Specifically, let's pass Senator Harkin's Community Choice Act, to require states to offer community-based supports for Medicaid-eligible consumers so they may choose to live in their own homes, as a cost-effective alternative to institutional care. This will change the focus of these programs to independent living and participation. We also need to pass the Community Living Attendant Services and Supports Act (CLASS) to promote independence.
There is not enough accessible, affordable, integrated housing for individuals with disabilities, and individuals with disabilities are often isolated because of the lack of adequate transportation. The Secretary of HUD should develop a plan to end homelessness and provide adequate, safe, affordable housing for people with disabilities, and increase the number of Section 8 housing vouchers. Congress should increase investment in public transportation in rural areas where people with disabilities are often isolated and unable to participate in society or meet their needs of daily living.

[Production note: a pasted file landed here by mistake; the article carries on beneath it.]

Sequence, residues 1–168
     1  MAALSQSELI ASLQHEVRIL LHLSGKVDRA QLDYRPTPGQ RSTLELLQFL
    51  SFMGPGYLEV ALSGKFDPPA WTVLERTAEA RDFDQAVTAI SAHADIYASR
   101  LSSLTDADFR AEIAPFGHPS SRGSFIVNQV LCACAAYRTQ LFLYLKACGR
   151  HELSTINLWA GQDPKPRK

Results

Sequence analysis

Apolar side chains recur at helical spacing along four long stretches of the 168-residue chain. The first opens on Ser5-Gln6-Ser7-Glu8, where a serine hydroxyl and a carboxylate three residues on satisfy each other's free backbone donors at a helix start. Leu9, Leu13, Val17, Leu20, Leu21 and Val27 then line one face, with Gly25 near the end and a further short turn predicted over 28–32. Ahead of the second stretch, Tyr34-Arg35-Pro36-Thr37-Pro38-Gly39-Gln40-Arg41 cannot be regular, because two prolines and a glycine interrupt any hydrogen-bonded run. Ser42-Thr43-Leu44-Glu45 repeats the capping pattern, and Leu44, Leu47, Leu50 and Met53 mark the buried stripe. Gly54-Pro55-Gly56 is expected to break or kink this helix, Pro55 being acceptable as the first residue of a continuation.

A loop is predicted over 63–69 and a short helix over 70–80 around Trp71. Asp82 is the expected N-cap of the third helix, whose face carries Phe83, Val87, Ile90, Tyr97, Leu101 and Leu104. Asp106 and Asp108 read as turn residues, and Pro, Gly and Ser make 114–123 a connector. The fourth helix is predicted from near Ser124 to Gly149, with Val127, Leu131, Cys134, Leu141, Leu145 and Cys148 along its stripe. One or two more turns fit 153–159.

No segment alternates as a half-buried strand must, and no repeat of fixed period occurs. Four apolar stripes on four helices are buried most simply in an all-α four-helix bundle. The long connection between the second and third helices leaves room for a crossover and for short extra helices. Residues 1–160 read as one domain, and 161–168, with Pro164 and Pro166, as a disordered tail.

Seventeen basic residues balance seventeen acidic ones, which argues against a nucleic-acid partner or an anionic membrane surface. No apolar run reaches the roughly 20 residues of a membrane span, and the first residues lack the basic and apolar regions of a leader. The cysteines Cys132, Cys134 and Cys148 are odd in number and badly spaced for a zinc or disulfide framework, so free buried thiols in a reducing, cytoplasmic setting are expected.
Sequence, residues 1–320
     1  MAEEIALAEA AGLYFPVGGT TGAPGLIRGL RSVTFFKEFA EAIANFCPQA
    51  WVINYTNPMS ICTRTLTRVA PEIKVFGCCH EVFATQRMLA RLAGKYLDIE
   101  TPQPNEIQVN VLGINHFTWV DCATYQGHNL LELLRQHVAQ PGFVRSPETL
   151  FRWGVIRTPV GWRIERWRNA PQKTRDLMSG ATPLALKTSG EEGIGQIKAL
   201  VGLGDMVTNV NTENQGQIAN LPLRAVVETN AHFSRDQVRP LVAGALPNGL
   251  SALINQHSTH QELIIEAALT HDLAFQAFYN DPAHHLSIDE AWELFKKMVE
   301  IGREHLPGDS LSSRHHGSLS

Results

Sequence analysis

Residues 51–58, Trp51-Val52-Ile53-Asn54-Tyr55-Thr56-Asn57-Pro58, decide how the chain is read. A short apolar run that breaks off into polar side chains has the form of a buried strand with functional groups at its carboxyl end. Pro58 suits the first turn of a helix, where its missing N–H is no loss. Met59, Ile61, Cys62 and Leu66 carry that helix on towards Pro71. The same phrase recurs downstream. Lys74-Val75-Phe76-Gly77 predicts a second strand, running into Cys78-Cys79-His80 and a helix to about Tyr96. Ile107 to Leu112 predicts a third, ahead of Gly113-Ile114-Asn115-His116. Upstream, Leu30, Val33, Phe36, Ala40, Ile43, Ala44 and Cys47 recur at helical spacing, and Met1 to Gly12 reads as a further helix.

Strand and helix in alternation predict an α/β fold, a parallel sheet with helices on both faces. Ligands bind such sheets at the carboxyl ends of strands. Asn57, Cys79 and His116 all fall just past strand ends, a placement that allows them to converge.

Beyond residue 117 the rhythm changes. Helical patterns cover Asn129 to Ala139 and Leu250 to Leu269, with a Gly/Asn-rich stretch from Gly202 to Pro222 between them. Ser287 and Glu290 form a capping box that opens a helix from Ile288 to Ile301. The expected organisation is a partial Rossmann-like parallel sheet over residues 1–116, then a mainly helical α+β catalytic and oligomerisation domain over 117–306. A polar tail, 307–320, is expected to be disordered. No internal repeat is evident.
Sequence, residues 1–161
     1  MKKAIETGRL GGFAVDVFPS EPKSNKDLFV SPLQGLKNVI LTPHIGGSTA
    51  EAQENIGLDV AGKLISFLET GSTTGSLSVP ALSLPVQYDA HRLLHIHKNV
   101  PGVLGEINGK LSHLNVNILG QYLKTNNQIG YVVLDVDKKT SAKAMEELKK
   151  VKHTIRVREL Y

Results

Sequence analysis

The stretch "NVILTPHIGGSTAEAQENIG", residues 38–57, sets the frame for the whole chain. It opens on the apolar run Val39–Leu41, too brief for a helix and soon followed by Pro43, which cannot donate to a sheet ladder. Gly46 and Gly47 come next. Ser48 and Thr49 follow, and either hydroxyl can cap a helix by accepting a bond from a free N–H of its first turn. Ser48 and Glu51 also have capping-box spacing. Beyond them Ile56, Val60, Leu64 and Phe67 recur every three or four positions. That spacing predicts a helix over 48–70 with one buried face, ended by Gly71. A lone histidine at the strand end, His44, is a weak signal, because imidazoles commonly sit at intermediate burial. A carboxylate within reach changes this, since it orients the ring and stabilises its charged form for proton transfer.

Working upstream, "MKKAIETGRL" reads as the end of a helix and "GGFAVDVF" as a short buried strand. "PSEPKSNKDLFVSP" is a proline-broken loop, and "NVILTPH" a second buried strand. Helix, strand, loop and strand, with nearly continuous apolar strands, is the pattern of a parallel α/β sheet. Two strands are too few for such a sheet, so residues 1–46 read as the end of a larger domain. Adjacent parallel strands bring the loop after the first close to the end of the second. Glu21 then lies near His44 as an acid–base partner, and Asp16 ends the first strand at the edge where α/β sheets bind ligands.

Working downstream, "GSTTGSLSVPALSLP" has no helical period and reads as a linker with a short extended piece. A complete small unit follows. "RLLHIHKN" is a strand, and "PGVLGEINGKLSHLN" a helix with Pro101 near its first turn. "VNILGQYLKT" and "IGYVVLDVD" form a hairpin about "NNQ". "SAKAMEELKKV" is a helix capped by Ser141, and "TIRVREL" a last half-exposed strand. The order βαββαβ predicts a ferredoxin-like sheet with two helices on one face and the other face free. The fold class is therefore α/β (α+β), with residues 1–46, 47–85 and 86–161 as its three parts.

Promote a quality of life and participation-based research agenda. Federally funded disability research focuses disproportionately on basic scientific research to discover the cause of "disabling conditions," while ignoring the impact of disabilities on quality of life and participation for individuals affected by the particular condition or disability.
A quality of life and participation-based research agenda will provide evidence on the most effective methods of delivering services in housing, transportation, education, prevention, wellness, health care, recreation, and other community services that empower individuals with disabilities, and enhance and promote transition and independent living.